Have Caterham and Marussia Closed the Gap to the Bigger Formula 1 Teams?

Matthew Walthert@@MatthewWalthertFeatured ColumnistJanuary 12, 2014

SAKHIR, BAHRAIN - APRIL 21:  (L-R) Mark Webber of Australia and Infiniti Red Bull Racing and Jules Bianchi of France and Marussia drive side by side during the Bahrain Formula One Grand Prix at the Bahrain International Circuit on April 21, 2013 in Sakhir, Bahrain.  (Photo by Clive Mason/Getty Images)
Clive Mason/Getty Images

For the 2010 Formula One season, the FIA allowed three new entrants to join the grid. With the addition of Lotus, Virgin and Hispania Racing (HRT), the number of constructors expanded to 12, the first time since 1995 that more than 11 teams participated in a season.

At the time, Virgin boss Richard Branson bragged that, "This will be the lowest-budget team in Formula One. Money's not everything," according to The Guardian.

Meanwhile, when asked how long it would take before Lotus could challenge the established teams, then-chief technical officer Mike Gascoyne told Formula1.com that, "A small, efficient operation has to look at doing so in three to five years, and that's our aim."

2014 will be the fifth season since the new teams joined. HRT folded after the 2012 season, Lotus changed its name to Caterham and Virgin was rebranded as Marussia.

Caterham's Giedo van der Garde and Marussia's Jules Bianchi.
Caterham's Giedo van der Garde and Marussia's Jules Bianchi.Clive Mason/Getty Images

In four seasons of racing, Caterham and Marussia have yet to score their first points and, to most outside observers, it may not look as though any progress is being made. But while the points have not yet come, there are other ways to measure whether the gap between the new(ish) teams and the more established constructors is closing.

One statistic worthy of examination is qualifying times. In Q1, when the cars are running on low fuel and the lower-echelon teams are scrapping to make it through to Q2, we can be fairly certain that drivers for those teams are registering the fastest times their cars are capable of.

With that in mind, the following chart shows the average gap between the highest-ranked Caterham and Marussia and the lowest-ranked car from the established teams in Q1, for the last four seasons:

Average Q1 Qualifying Gaps to Established Teams, 2010 to 2013
Caterham+1.004 seconds+0.591 seconds+0.635 seconds+0.672 seconds
Marussia+1.353 seconds+2.037 seconds+1.859 seconds+0.918 seconds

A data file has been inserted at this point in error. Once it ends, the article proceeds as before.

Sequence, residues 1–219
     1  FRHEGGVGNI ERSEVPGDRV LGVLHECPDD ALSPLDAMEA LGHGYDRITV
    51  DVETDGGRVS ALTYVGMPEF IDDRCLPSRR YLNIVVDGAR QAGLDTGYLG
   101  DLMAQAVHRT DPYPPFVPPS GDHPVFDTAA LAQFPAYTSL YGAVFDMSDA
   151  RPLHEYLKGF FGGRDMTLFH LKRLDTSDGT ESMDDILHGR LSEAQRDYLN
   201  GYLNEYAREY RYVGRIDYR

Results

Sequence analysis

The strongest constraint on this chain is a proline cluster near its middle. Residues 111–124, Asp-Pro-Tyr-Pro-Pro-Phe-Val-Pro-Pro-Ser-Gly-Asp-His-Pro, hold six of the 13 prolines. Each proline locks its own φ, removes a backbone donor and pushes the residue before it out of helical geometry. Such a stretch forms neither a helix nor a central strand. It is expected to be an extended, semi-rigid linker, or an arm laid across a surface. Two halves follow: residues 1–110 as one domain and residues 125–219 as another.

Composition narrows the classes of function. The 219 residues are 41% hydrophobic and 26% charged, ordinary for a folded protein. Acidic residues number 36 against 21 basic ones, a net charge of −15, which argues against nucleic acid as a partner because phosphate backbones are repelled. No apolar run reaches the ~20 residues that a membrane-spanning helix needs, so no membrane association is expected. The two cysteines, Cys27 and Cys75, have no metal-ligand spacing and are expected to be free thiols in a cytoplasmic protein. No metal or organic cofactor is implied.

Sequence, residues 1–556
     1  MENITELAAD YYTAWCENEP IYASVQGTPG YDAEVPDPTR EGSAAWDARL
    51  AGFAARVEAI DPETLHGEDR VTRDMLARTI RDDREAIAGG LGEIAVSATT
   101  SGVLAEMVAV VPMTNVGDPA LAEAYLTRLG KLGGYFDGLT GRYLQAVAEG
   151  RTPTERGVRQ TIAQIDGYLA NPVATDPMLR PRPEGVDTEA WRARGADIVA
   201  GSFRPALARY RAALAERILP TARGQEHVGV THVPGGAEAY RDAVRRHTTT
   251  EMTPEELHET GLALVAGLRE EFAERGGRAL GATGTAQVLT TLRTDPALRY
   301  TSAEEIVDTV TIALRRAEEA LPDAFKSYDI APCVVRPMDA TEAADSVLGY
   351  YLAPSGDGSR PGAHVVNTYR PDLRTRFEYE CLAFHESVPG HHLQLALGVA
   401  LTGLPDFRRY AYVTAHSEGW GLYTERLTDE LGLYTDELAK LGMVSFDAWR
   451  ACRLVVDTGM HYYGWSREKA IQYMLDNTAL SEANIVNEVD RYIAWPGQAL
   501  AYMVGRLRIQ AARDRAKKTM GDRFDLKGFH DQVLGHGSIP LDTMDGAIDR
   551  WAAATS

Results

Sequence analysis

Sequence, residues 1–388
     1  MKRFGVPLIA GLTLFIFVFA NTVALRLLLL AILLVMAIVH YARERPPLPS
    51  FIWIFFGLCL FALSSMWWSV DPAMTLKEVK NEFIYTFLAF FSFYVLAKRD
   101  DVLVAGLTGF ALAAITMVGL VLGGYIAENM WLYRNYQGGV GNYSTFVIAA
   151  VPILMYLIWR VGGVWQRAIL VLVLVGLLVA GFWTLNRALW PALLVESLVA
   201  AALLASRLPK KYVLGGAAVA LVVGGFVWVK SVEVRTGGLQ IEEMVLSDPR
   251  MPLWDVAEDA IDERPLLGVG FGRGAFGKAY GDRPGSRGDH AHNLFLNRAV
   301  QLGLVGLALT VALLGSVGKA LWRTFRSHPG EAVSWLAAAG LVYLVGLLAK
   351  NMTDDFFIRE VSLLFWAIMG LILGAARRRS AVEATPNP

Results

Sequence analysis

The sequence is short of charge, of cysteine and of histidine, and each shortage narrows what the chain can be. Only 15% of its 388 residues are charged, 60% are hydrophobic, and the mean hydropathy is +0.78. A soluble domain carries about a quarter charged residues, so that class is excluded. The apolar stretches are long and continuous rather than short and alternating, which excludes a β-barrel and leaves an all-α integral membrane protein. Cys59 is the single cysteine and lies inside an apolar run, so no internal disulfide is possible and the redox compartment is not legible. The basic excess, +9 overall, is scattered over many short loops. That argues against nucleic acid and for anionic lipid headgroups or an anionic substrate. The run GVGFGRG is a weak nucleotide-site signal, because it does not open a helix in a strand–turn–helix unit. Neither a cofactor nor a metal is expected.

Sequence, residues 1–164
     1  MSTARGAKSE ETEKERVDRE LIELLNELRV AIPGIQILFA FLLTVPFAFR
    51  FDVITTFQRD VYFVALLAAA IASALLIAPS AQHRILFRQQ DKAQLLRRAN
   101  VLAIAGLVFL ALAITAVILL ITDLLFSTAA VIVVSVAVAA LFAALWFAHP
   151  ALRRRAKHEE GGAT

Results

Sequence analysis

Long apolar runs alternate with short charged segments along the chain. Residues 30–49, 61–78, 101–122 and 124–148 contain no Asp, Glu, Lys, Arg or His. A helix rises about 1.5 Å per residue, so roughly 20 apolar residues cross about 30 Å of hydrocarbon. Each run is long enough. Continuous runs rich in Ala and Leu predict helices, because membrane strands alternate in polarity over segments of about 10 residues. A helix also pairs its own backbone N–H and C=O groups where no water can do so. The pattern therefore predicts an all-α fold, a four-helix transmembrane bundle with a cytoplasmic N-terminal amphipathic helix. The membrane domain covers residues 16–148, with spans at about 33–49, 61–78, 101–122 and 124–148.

Compiled by Matthew Walthert using results tables from Wikipedia.

While not perfect, these numbers do give us an idea of where the two teams stand relative to each other and to the sport's more-established teams.

Recently, Marussia team principal John Booth told ESPN F1 that:

I think we've improved operationally, year in, year out. We look like a proper F1 team, we operate like a proper F1 team. ... Although the positions throughout the year were not that different compared to the year before, percentage wise we were much closer to the front and I think we finished a couple of races on the same lap as the leaders.

Marussia team principal John Booth.
Marussia team principal John Booth.Mark Thompson/Getty Images

The qualifying numbers bear that out. After a significant regression between 2010 and 2011, Marussia has steadily improved. That improvement culminated with the team's first-ever finish ahead of Caterham in the 2013 Constructors' Championship.

In terms of race pace, for both Caterham and Marussia, the results are slightly tougher to decipher (at least without the teams' telemetry). Looking closely, though, improvements are also discernible on Sundays. This table breaks down the number times the lead car from each team finished on the lead lap or one (or more) laps down, by season:

Caterham and Marussia: Leading Cars' Gaps to the Race Winner
CaterhamLead Lap+1 Lap+2 Laps+3 Laps+4 Or More Laps
MarussiaLead Lap+1 Lap+2 Laps+3 Laps+4 Or More Laps
Compiled by Matthew Walthert using results tables from Wikipedia.

Like the qualifying statistics, these numbers demonstrate that, despite a lack of points-scoring finishes, Caterham and Marussia are getting closer to the more established teams.

However, from 2012 to 2013, in particular, Caterham seemed to lapse. In a telephone interview, the team's head of communications, Tom Webb, explained to Bleacher Report that:

Knowing realistically that our aim for 2013...was to finish 10th, we knew it was unlikely we were going to be in a position to bridge the gap to the midfield. ... So we took a gamble, which was starting the 2013 season with a very slightly revised version of our 2012 car. ... It was a risk that we knew we had to take. However, what it has done, is it has enabled us to be able to focus on the 2014 car. For us, Marussia and, I think, quite a few other teams out there, 2014 represents an opportunity to start afresh.

Indeed, 2014 should provide a big opportunity for Caterham and Marussia, not only because the new regulations will force each team to completely redesign their cars, but also because the reliability of the new engines has not been established.

Engine failure during 2013 preseason testing.
Engine failure during 2013 preseason testing.Paul Gilham/Getty Images

More retirements—which have become much less common in recent years—will give the back-markers more opportunities to score. Of course, as Webb cautioned, "We have to ensure the reliability is there for our cars, too."

Still, it is not a stretch to imagine a race early in the 2014 season where a few engine failures, perhaps a collision leading to a couple retirements, and Caterham and Marussia's increased pace combine to allow one of those teams to finally sneak into the top 10.

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